Perhaps these job-movers will not enjoy their new positions as much as the comfy sinecures from which they have been ejected, at least initially. That seems rather short of a national tragedy. It is better for people to be doing useful things than to be wasted in unproductive activities. We could pay people to break windows and replace them with new glass, but that wouldn’t make us richer or happier.

Everything that is wrong with the economy can be traced back to NZIRP and its ZIRP predecessor, wasteful government spending boondoggles, excessive regulation, paying people not to work, and other ill-conceived government policies. The Fed is responsible only for the first of these. The rest is on the federal government and the millions of people who have regularly voted to put it in the control of drunken sailors.

It is interesting, and lamentable, that the public figures who are complaining about Powell and the Fed are generally not taking Biden and the Congress to task for the inflation they brought on. Don’t look at Congress, they are saying. Look over there. Blame the Fed.

In fact, those whose belief in the benevolence of government knows no bounds are quick to claim corporate profits, which are always “excessive,” are a central cause of the recent inflation. Yahoo! News cites the Economic Policy Institute’s explanation of the process, published a year ago: “a chronic excess of corporate power has built up over a long period of time, and it manifested in the current recovery as an inflationary surge in prices rather than successful wage suppression.”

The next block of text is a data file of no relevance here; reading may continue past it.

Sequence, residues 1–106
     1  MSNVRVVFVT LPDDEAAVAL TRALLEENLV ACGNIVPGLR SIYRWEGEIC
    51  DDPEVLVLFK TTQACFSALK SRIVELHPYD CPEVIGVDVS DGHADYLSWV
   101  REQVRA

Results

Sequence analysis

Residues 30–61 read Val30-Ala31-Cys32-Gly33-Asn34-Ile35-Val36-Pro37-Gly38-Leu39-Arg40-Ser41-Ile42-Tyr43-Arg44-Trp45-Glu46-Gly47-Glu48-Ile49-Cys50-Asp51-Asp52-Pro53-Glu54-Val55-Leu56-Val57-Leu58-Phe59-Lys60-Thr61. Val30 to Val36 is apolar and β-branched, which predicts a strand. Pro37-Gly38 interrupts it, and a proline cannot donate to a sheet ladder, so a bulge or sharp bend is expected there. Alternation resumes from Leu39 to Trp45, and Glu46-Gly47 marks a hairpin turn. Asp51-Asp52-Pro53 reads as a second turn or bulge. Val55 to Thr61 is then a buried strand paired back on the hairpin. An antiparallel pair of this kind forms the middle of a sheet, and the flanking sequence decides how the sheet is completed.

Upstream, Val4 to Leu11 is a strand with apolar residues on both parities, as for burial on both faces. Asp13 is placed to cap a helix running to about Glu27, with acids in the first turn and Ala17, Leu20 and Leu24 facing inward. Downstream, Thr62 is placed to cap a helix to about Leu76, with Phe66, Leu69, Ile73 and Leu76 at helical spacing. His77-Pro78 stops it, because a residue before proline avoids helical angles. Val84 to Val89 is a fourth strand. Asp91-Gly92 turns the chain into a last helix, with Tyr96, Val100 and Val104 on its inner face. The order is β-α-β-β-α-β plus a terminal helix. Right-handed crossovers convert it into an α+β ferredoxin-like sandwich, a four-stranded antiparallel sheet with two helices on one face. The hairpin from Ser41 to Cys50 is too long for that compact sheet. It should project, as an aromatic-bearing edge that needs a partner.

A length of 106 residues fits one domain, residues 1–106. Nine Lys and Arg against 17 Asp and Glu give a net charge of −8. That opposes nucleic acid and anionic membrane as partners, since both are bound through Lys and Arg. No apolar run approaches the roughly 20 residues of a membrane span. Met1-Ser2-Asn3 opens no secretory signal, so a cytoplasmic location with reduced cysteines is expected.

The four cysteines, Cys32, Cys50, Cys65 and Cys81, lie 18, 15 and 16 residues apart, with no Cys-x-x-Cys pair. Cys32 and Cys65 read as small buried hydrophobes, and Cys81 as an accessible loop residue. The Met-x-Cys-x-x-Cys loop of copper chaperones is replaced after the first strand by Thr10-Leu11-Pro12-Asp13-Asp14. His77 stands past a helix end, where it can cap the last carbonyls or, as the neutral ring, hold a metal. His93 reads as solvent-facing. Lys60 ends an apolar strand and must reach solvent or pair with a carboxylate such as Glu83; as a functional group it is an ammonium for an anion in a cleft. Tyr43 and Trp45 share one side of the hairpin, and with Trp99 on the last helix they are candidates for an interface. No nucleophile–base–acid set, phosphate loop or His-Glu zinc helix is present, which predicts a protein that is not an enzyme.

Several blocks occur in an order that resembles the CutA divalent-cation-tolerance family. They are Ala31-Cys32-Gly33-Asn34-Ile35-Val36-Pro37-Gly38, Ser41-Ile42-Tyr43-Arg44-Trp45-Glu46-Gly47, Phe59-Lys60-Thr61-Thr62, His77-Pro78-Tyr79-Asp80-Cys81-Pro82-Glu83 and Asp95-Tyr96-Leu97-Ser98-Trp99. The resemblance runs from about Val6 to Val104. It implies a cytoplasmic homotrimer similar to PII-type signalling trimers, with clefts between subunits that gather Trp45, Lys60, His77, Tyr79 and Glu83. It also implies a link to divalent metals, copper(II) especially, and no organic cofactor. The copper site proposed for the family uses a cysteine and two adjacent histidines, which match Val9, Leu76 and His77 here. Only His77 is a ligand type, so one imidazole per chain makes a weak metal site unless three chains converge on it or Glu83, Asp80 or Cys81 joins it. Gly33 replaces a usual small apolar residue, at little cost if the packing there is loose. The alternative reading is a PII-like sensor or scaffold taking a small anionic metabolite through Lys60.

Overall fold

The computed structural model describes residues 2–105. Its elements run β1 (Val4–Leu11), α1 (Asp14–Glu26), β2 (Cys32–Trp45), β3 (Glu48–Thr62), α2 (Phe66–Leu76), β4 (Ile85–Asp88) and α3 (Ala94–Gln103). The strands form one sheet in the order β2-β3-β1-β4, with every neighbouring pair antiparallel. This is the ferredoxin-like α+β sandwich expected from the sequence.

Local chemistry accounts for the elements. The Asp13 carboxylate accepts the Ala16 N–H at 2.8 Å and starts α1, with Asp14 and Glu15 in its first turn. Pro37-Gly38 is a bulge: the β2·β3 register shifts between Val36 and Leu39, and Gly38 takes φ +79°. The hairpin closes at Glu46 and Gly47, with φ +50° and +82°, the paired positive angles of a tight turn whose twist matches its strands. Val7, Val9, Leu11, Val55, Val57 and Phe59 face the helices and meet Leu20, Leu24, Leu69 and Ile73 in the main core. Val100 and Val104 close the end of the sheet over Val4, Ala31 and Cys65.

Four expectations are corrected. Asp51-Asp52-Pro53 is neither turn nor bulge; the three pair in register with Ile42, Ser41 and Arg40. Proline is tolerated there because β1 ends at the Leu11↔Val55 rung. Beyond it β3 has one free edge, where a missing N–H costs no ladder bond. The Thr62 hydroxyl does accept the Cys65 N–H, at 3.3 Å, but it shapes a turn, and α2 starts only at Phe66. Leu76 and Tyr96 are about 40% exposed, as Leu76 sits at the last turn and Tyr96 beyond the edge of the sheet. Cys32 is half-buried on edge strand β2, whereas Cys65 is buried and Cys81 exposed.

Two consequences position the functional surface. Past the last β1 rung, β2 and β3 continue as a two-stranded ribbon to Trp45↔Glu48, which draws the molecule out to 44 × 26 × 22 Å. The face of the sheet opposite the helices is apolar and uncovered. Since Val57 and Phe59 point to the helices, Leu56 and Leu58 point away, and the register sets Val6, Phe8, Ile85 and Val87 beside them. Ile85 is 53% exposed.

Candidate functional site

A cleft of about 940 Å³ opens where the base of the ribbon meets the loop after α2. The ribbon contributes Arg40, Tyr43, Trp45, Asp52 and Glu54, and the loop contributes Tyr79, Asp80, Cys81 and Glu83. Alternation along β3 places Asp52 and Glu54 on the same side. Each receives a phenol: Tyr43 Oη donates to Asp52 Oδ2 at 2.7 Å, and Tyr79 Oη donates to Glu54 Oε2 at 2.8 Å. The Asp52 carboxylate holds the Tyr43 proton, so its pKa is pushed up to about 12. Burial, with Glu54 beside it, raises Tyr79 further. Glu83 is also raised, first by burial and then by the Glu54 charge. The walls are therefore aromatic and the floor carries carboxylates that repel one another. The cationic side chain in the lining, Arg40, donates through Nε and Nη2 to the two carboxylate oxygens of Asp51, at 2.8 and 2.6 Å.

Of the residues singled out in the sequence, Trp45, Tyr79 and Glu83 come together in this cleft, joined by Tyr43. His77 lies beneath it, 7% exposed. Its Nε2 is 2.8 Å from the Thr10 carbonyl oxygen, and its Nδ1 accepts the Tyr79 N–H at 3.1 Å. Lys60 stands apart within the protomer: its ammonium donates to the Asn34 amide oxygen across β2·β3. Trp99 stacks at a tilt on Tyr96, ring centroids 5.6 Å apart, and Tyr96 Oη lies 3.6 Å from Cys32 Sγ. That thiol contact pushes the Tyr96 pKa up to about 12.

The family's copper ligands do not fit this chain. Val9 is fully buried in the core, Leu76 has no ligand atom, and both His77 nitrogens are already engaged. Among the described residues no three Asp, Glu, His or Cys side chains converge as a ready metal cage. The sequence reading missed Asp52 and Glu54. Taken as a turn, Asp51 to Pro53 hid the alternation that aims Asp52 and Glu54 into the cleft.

The phrase “a chronic excess of corporate power” is the writer’s way of explaining away the fact that “the rapid rise in profit margins and the decline in labor shares of income during the first six quarters of the current recovery is not that different from the rise in the first few years following the Great Recession and financial crisis of 2008.” Profits recover after recessions. Who would have thought it?

Note that GDP and national income have both risen faster than corporate profits in the 2020s:

I do agree with this:

Evidence from the past 40 years suggests strongly that profit margins should shrink and the share of corporate sector income going to labor compensation (or the labor share of income) should rise as unemployment falls and the economy heats up. The fact that the exact opposite pattern has happened so far in the recovery should cast much doubt on inflation expectations rooted simply in claims of macroeconomic overheating.